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Straight Talk with Lauren Forcella

Help is available for shoplifting addicts
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Dear Straight Talk: I am writing about my friend. She has a problem with shoplifting, maybe even an addiction. I would like to help her stop before she gets caught because she is over 18 and it will result in a criminal record. I have known her for years. When we were younger, I shoplifted makeup a couple of times with her, but it scares me too much and doesn’t feel right to steal. She is a good person except for this. Over the holidays she stole so much stuff it almost made me sick. Does anyone on the panel have shoplifting experience and if so, how did they stop? Maybe it will help her. ~ Sammie, Toledo, Ohio

Matt, 17, Tustin: I have friends who shoplifted and were caught. One was stealing earrings for his girlfriend. He had stolen jeans multiple times before. He was devastated when they told his coaches at school. Jail time is an obvious consequence, but finding examples of things dear to her that could be lost might help even more.

Taylor, 14, Santa Rosa: I’m like you – I can’t shoplift. My mom taught me early. After I took a small knickknack, she made me return it and apologize. The store clerks thought little 4-year-old-me was cute, but I was embarrassed. Even at Safeway near my school, people pick things up without paying all the time. It’s wrong, but I don’t feel it’s my place to step in. Maybe getting caught will scare her enough to stop.

Brie, 20, Santa Barbara: I’m a manager in retail and I see how much inventory gets stolen. My store is easy to steal from, yet corporate does nothing about it. Shoplifting makes prices go up because stores lose revenue.

Katelyn, 17, Huntington Beach: Visit Shoplifters Anonymous at www.shopliftingprevention.org. They offer self-help and support, even for those with a pending court case.

Dear Sammie: Show your friend this column. It will communicate your concern and maybe someone’s comment will resonate with her. Many teens shoplift. Shoplifters are usually depressed and stealing takes a further toll on their soul life. Most are scared out of the phase, others are caught, many continue stealing. The best thing you can do is tell her parents (anonymously, if you must). The embarrassment of being caught by loved ones may help her quit before she ends up with a criminal record. Plus, if her parents know, they can get her professional help for a habit difficult to kick. Don’t delay!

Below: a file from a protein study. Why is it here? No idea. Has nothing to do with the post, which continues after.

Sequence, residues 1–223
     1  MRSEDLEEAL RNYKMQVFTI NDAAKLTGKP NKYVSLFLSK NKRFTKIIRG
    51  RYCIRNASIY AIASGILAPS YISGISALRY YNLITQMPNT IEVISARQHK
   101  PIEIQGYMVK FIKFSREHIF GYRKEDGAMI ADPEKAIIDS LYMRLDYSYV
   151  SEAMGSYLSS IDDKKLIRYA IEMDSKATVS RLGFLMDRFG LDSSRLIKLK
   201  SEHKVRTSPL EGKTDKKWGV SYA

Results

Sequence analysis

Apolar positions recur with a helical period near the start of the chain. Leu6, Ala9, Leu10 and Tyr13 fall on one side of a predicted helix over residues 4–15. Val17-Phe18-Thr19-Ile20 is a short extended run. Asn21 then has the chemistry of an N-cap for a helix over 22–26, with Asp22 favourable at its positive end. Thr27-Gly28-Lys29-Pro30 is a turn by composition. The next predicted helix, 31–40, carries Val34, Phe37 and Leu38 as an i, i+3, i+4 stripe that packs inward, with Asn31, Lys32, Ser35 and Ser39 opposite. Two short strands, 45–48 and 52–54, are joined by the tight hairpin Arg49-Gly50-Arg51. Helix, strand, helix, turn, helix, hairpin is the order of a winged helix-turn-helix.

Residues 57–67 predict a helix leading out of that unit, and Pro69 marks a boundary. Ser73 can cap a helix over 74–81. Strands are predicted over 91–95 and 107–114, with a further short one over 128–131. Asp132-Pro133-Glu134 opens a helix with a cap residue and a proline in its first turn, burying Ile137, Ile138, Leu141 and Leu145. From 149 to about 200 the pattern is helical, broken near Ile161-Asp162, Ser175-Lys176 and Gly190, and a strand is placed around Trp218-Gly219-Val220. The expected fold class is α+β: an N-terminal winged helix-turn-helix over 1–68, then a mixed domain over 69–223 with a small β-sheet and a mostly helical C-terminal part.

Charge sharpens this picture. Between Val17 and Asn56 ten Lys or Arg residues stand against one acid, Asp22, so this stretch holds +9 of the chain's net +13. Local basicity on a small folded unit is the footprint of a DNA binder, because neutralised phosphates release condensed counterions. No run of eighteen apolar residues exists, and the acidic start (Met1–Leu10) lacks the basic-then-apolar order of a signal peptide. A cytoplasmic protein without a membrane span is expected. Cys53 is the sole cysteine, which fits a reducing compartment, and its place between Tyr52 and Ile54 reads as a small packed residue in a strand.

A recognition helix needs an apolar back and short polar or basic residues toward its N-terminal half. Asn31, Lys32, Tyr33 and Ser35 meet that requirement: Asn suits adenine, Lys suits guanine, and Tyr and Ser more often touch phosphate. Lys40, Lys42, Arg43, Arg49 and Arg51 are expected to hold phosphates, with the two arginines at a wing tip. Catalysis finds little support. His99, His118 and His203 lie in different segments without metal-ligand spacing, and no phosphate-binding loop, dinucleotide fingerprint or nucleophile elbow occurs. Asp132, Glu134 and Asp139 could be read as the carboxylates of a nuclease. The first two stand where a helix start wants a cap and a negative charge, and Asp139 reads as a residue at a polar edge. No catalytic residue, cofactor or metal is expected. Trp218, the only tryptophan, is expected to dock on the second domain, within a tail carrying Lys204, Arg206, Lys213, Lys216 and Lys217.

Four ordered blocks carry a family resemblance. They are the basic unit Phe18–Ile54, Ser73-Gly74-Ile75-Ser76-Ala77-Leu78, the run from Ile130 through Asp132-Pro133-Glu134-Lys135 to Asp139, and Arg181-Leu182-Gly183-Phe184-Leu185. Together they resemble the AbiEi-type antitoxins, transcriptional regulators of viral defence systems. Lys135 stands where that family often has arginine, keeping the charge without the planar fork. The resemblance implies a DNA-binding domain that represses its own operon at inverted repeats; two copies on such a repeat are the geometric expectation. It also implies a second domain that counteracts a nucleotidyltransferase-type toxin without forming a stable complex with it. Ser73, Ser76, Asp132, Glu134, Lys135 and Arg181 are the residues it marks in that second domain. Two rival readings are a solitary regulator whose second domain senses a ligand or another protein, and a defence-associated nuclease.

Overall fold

To donate, ask a question or inquire about being a youth panelist, visit www.straighttalktnt.com or write to P.O. Box 963, Fair Oaks, CA 95628.

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More from Lauren Forcella

Some shoplift for need, others for greed, most enjoy the rush that shoplifting brings and most are depressed. And for all shoplifters, the habit reflects internal shame and low self-esteem. Not all realize this until they are caught – which is often described as the most humiliating thing to ever go through. Deep down, stealing feels lousy. 

The National Association for Shoplifting Prevention estimates that one in 11 Americans shoplifts. Seventy-five percent of shoplifters are over 18. The holiday shopping craze is when most shoplifting occurs. In the four weeks before Christmas, the Global Retail Theft Barometer reported that sticky fingers accounted for $1.8 billion in stolen U.S. merchandise.

The best prevention is intervention during an early childhood theft, such as Taylor described above. Guilt and embarrassment, used correctly, are great teachers. For others, not so lucky, in order to kick the habit, you need to re-learn how to get a rush from normal activities (going to lunch, getting a haircut, meeting someone for coffee) rather than through the thrill of stealing. Professional help is often needed, and worth it!